The 43rd Three Peaks Yacht Race - Sponsored by E.ON

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The First Finishers Cross The Line

Rob Howard / 23.06.2021Live TrackingSee All Event Posts Follow Event

The first finishers have now crossed the line at the Three Peaks Yacht Race, sponsored by E.ON.  On an overcast morning, with low cloud obscuring Ben Nevis and the wind dropping, the runners returned from the summit of Britain’s highest peak to rejoin their team mates on the finish line, set up between Corpach lock and the shore of Loch Linnhe.

First to return were Chris Near and Mark Davies from Bare Necessities in a fast time of 3 hours 30 mins.  It was their first time in the race, and for Mark Davies something of a surprise as he only got his place on the team a week before the race, after an injury to another runner.  “I had spoken to Chris about doing it before,” he said, “then he rang me just before the race and said, ‘do you fancy a race!’ 

“I’d never done any sailing before but didn’t really get sea sick, though I did feel dizzy a couple of times on the run while finding my land legs.  It’s been a great experience, apart from the cycling!  That was my weak point and I felt like throwing the bike in the hedge a few times on the big climbs. I’m not a cyclist.”

Near was pleased to have finished the race to add to his long list of races done, and had no problem with the cycling given his adventure racing experience. “I enjoyed the run today the most,” he said, “it’s more of proper technical fell run.  We had a bad start on Snowdon as I had severe cramp for the whole descent, and the road running on that leg doesn’t suit me. I couldn’t keep up with Mark on the road and I think we lost any chance to be competitive in King of the Mountains then.”

He added, “It was great being on the catamaran as it was so stable in all weathers, and much more spacious than I expected. It was pretty comfortable.”

His Skipper, Bruce Sutherland, said, “In the roughest conditions we put the runners safely below.  The sailing has been great, with all kinds of conditions, though I think we should rename to ‘wind hole finder’.  We could probably have finished 10 hours earlier but for the huge wind hole we found before Galloway!  Even so, they were the first boat to arrive.

Sutherland and Alison Busfield last raced 25 years ago, and on that occasion were last to finish.  “Everyone had gone home,” Bruce said.  This time they were first to reach Corpach, so it was a different story.

Dominic Gooding was their other crewman and he commented, “I’ve done many different kinds of races, but this one is by far the most interesting of them all.  There are so many challenges all the way along the route. It’s never dull.”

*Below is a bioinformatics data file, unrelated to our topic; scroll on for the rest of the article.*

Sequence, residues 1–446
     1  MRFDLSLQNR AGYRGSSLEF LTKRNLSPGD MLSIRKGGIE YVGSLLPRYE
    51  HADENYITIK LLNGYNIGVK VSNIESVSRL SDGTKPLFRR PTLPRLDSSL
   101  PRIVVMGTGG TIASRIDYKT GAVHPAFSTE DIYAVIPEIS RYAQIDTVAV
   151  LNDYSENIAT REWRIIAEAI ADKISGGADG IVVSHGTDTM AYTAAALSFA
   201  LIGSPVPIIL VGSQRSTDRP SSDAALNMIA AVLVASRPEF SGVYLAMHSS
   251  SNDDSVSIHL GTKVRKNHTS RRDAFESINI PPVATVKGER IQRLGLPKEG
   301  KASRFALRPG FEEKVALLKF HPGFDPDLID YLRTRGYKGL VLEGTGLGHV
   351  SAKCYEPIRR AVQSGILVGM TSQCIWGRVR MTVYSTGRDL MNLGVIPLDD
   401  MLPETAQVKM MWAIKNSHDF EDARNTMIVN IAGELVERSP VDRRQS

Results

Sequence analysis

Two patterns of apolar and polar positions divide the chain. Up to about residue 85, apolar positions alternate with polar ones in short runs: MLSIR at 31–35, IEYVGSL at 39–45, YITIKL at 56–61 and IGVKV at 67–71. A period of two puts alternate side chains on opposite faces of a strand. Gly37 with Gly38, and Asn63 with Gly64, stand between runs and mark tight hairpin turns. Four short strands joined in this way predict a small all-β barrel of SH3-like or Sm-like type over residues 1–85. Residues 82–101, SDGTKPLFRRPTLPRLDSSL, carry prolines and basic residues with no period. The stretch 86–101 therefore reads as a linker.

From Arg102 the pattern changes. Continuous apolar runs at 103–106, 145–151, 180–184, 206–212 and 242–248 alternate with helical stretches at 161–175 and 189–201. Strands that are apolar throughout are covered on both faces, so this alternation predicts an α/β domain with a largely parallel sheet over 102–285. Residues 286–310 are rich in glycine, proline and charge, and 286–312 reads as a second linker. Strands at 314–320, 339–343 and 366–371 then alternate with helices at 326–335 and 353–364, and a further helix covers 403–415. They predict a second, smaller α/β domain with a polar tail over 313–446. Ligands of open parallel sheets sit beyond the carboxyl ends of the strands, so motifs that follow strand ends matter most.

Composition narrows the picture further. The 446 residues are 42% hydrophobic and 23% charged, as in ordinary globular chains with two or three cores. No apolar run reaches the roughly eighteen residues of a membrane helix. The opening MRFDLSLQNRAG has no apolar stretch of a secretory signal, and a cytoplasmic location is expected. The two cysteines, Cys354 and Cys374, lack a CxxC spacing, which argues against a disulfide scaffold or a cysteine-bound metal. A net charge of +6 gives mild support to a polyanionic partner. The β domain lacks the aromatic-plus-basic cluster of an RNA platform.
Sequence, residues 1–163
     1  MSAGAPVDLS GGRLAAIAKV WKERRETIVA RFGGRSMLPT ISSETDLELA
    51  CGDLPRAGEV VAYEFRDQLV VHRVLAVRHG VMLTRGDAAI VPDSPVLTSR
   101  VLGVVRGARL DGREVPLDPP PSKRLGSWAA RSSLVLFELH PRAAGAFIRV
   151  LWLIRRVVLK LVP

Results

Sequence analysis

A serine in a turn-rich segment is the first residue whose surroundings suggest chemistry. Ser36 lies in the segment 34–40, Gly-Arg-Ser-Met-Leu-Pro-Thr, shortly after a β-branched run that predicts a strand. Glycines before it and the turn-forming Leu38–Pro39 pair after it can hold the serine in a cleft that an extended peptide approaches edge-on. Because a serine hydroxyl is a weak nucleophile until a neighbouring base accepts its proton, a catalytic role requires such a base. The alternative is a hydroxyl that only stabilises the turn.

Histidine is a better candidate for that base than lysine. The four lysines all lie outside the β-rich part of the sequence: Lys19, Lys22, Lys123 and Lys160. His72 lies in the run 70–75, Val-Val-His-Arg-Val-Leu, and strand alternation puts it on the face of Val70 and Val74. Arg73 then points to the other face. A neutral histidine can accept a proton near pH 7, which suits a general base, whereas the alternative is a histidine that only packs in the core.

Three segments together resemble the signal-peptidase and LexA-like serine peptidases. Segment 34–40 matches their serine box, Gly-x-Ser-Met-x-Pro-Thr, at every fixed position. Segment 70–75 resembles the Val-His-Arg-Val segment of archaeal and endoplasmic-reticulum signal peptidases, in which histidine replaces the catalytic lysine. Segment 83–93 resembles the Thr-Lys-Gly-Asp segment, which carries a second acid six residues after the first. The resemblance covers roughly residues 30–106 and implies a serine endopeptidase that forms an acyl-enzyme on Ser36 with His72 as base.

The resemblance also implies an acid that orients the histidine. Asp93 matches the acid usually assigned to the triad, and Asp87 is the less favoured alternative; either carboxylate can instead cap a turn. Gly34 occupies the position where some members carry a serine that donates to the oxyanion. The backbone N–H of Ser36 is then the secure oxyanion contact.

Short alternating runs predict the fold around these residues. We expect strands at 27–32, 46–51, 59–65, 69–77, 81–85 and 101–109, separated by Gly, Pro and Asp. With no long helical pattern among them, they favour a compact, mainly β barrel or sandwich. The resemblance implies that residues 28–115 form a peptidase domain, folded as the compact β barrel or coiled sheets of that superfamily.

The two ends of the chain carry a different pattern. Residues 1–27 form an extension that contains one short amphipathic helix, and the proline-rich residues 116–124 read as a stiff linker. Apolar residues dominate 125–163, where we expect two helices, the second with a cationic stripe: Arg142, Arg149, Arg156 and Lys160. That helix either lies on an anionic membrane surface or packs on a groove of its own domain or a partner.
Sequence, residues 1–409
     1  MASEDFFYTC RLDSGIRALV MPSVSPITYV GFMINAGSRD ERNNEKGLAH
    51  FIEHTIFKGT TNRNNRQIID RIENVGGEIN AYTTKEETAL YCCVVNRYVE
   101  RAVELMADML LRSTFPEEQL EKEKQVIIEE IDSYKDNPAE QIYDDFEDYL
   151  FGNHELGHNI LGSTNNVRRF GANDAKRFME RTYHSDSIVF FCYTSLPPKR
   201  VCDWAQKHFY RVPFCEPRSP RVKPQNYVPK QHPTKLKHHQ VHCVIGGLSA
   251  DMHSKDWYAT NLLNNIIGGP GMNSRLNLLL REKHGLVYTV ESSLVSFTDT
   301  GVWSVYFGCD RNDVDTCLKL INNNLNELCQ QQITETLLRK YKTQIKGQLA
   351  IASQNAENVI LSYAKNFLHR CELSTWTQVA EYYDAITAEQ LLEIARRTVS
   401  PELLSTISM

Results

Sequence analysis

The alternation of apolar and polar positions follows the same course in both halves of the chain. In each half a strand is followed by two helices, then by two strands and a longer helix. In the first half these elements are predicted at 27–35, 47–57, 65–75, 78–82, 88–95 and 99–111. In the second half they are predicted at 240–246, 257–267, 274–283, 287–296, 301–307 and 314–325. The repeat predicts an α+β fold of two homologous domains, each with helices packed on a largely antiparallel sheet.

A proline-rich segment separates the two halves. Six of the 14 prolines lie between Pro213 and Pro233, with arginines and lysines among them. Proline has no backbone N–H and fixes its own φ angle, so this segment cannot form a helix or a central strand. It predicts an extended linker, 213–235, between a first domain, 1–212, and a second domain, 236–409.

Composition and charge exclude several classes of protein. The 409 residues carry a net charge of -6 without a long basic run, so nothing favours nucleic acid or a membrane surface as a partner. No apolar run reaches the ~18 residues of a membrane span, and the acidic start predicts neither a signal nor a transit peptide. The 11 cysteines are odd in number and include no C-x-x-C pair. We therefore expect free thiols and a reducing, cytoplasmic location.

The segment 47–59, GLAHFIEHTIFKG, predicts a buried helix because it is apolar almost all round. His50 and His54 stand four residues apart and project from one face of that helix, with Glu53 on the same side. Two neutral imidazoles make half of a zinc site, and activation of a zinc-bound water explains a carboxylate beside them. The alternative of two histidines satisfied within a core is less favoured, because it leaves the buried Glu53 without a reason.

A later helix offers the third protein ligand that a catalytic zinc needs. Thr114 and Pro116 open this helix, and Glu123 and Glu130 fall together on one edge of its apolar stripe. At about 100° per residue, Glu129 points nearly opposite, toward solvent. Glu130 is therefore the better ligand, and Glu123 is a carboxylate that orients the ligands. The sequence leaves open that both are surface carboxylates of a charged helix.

Team Joy on the finish line

Next to finish were the two Royal Marine runners from Team Joy, Sam Deller and Neil Golding, taking 3 hours 45 minutes.  Deller commented on the snow on the summit and said they’d passed the runners from That’s Not My Dog on the climb.

The skipper, Dave Butters, said, “We didn’t know the runners, but they are good lads and fitted in well.  They’d never sailed, but helped out when they could.“  He continued, “The boat handles really well and is fast and we hit the tides right at the end of the race.  It’s always the case the faster boats get those advantages, while those behind get stuck in the tides.”

tI may be the first time a JPK10.10 has entered the race, and they have won the Daily Telegraph cup for line honours and, given their handicap, will surely win the overall race title as well.  Their 0.999 handicap gives them the advantage over the other lead boats, and Butters said it was a boat designed for racing and for a competitive handicap.

Third across the line were the runners from Team That’s Not My Dog, and the three team members not running went up the track to run into the finish with Gillies Munro and Morgan Peach.  Finishing all together was typical of the teamwork that has carried this young team through to a great result, When he’d got his breath back, Peach said, “I think the biggest thing to take away from this race is that we’ve been a strong team and always been there for each other.

“There were some things we could have done with knowing a bit more about, but that’s to be expected in our first race, and the sailing has been amazing.”  He wasn’t so keen on the running and said Munro pushed him for a long time and that he’d had cramp for the final 10k, however his run qualified the team for the Tilman Trophy, which they look sure to win now.  And their Ben Nevis time of 4.42 was a good one as well!

White Clouds finished next, 3rd across the line in the competition and, for most of the crew, they were completing another of many Three Peaks Yacht Races.  Some quick calculations came up with a figure of 22 finishes between them now and Richard Hart said his children love playing with the medals, and they are scattered around the house!

Nick Donnelly said last night wasn’t easy.  With the weather turning cloudy and raining, it was darker as they raced under spinnaker and at one point in the night he was climbing into the rigging to fix a problem with it.  Having been competitive in the earlier part of the stage, they’d been left behind by the two faster boats on the downwind sailing.  They will win the 3rd place trophy and were lucky to get the finish before the wind dropped.  The next boat behind them is Wild Spirit, and they’ve been taking an agonisingly long time to sail up Loch Linnhe to the finish in light winds.

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